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Atrial fibrillation (AF) more than twice as prevalent as thought - and it is increasing!

Henry I. Bussey, Pharm.D.
August, 2006

Reference: Miyasaka Y, Barnes ME, Gersh BJ, et al. Secular trends in incidence of atrial fibrillation on Olmsted County, Minnesota, 1980 - 2000 and implications fon the projections for future prevalence. Circulation 2006; 114:119-125.

In a recent issue of Circulation, investigators at Mayo Clinic in Rochester, MN report the findings of a twenty year study of the inhabitants of Olmsted County, MN. During the study, 4,618 new cases of ECG-confirmed AF were identified. The incidence of new AF in 1980 (3.04 per 1000 person-years) increased to 3.68 per 1000 person-years by 2000. Based on these findings, the group estimated that the current incidence of AF in the U.S. is approximately 5.1 million - not 2.5 million as previously estimated. Further, since the incidence is increasing, the investigators projected that by 2050 the number of individuals with AF will increase to 12 million (if the rate of new AF does not continue to increase) or approximately 16 million (if the trend continues). The authors also cite several other studies which tend to support their findings and point out that the current estimate of about 2.5 million AF patients was derived from health plan participants which may have led to an underestimate of the prevalence of AF for the entire population.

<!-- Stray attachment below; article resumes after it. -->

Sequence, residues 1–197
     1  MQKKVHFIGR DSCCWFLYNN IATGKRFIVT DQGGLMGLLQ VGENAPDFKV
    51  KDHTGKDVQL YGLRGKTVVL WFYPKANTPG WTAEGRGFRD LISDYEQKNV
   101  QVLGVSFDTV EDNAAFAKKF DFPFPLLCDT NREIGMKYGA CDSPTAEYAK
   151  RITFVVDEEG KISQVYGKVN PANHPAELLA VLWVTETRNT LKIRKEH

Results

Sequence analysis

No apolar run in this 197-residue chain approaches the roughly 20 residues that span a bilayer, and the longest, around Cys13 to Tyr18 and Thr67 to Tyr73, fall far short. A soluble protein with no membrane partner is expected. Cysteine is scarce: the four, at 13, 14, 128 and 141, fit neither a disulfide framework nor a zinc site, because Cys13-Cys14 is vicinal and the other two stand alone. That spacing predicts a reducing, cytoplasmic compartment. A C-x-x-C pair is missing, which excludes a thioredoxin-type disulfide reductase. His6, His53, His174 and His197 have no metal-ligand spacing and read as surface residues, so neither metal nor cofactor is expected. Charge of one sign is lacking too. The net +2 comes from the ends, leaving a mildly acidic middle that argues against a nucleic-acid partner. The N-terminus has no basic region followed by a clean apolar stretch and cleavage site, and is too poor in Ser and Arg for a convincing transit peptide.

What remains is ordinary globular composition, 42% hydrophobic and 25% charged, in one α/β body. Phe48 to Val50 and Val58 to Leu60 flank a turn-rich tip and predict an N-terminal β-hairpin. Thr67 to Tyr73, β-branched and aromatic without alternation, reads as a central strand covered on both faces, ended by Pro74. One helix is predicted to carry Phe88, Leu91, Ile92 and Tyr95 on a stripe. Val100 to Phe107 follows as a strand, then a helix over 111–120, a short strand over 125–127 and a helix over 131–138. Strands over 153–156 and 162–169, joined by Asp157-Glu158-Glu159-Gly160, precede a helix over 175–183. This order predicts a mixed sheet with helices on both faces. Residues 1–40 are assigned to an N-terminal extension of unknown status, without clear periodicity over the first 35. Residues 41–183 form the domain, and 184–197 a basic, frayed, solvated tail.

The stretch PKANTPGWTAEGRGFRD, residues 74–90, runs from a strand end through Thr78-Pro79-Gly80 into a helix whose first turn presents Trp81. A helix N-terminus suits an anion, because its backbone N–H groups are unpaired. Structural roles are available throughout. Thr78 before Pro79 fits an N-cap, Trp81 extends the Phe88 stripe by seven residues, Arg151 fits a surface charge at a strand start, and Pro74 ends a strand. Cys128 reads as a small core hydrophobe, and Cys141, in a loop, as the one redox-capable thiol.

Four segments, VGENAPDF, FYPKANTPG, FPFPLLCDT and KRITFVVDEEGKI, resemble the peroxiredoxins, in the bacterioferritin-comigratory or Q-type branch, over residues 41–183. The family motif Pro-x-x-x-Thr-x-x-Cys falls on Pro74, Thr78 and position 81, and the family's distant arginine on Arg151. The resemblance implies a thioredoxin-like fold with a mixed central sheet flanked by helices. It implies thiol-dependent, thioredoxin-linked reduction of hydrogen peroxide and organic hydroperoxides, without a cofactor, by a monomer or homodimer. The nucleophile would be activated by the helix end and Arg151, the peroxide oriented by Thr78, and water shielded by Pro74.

If their estimate of 5.1 million people with AF in the U.S. is correct and, as several studies have found, about 50% of those do not receive anticoagulation, it would be reasonable to expect that such failure to anticoagulate will produce approximately 125,000 strokes per year (2.5 million x 5%/yr annual stroke incidence = 125,000 strokes/yr). Warfarin anticoagulation has been shown to reduce stroke in AF by approximately 65% (intention to treat analysis) or 83% (on-treatment analysis) which should reduce the 125,000 strokes/yr to approximately 21,000 to 44,000 (based on 83% and 65% reduction, respectively) thereby preventing between 81,000 and 105,000 strokes per year for an annual savings of approximately $8.1 to $10.5 billion (based on $100,000 per stroke).

The investigators suggest that increasing obesity may account for as much as 60% of the increase in the incidence of AF while hypertension and diabetes probably also play a role.

This paper is available online at http://circ.ahajournals.org/cgi/content/full/114/2/119, and a related public discussion of the findings "Epidemic of Deadly Atrial Fibrillation is Here" is available at http://www.forbes.com/forbeslife/health/
feeds/hscout/2006/07/05/hscout533605.html
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Thursday, December 14, 2017